The answer is when it is home-grown.
The mainstream media largely ignored a story about an especially sophisticated and deadly backpack bomb found along a Martin Luther King Day parade route in Spokane, Washington last week, barely covering it beyond an initial mention. The device drew special attention from some news outlets because it contained shrapnel, was equipped with a remotely-controlled detonator, was "directional" (meaning aimed toward the parade route) and in the FBI's words, was "capable of inflicting multiple casualties." The major media barely mentioned the incident, and the lack of follow-up stories on it is even more deafening now that the FBI has concluded that the connection between this incident and racism is "inescapable."
The mainstream media has been loathe to address the bigger story around this bomb, which is the rise in right wing extremism occurring right here at home in the U.S.
Terrorism Is not Just from Foreign Sources
To most Americans, terrorism is something that comes solely from abroad. The early explanation fed to Americans for continuing the war in Iraq was that we had to "fight the terrorists over there, so we don't have to fight them here." The idea that American citizens are generating deadly terrorist activity within our own borders is something that many Americans, like the mainstream media, would rather not acknowledge, let alone discuss.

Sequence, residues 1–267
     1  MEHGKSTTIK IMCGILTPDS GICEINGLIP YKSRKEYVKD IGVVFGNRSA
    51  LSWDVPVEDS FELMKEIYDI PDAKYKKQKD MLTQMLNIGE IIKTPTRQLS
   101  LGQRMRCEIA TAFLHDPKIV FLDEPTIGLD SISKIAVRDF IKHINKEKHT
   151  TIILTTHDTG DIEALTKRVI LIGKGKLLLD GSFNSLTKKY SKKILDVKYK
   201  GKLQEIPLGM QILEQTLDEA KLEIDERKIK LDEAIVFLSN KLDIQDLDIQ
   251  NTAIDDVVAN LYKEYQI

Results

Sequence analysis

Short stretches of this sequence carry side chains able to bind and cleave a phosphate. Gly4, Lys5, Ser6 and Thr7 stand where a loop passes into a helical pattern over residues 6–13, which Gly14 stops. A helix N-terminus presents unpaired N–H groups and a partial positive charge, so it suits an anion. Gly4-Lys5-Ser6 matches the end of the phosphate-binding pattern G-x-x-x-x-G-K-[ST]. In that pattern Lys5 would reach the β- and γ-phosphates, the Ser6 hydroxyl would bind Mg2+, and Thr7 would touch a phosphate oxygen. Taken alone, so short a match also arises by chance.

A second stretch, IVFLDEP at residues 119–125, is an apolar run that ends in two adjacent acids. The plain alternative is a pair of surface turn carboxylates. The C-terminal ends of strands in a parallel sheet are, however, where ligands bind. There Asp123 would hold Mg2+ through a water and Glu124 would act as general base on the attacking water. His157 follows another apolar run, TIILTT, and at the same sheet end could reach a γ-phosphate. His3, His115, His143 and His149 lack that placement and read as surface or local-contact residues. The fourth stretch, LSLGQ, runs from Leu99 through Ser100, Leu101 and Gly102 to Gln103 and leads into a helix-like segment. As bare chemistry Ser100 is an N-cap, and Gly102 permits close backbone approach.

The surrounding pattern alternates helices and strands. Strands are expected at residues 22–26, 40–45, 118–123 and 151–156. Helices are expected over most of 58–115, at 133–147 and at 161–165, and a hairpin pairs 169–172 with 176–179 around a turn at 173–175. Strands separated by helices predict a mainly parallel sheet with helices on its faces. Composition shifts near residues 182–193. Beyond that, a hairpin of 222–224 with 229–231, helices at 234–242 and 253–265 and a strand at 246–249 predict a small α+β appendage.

The attempted bombing of Times Square by a man with a middle-eastern-sounding name last year resulted in blanket coverage for days followed by weeks of speculation by the mainstream media, while home-grown, right wing extremism and terrorist activity gets lower-grade coverage and fades from the headlines much more quickly.
Recruitment and Radicalization
In 2009 the Department of Homeland Security issued a report warning law enforcement officials about the rise in "rightwing extremist activity" in the U.S. Using language usually reserved for a discussion of Muslim terrorists, the report explained that the economic recession, the election of the first African-American president and the return of disgruntled war veterans was fueling recruitment and radicalization of extremist groups within the U.S. The report also defined extremist groups as not only racist and hate groups, but also as groups hostile towards federal authority, like anti-abortion and anti-immigration extremists.
The Southern Poverty Law Center, which tracks hate groups and domestic terrorists, reports that 15 different hate groups now operate inside Washington state alone, with six more just over the border in Idaho. These are white power militias and neo-Nazi groups with names like the "Aryan Terror Brigade" and "Aryan Nations. "But race is just one part of the multifaceted problem of domestic American extremism. American religious, anti-government and anti-abortion extremists have shown they are willing to commit murder to further their cause, and now there is a growing wave of anti-immigration extremism.
The first step in defusing the growing problem home-grown, right-wing terrorism is making the population aware of the existence, scale and severity of the problem. That can't happen until the mainstream media gives at least equal weight to coverage of domestic terrorism incidents, so they are on par with the coverage foreign terrorism incidents.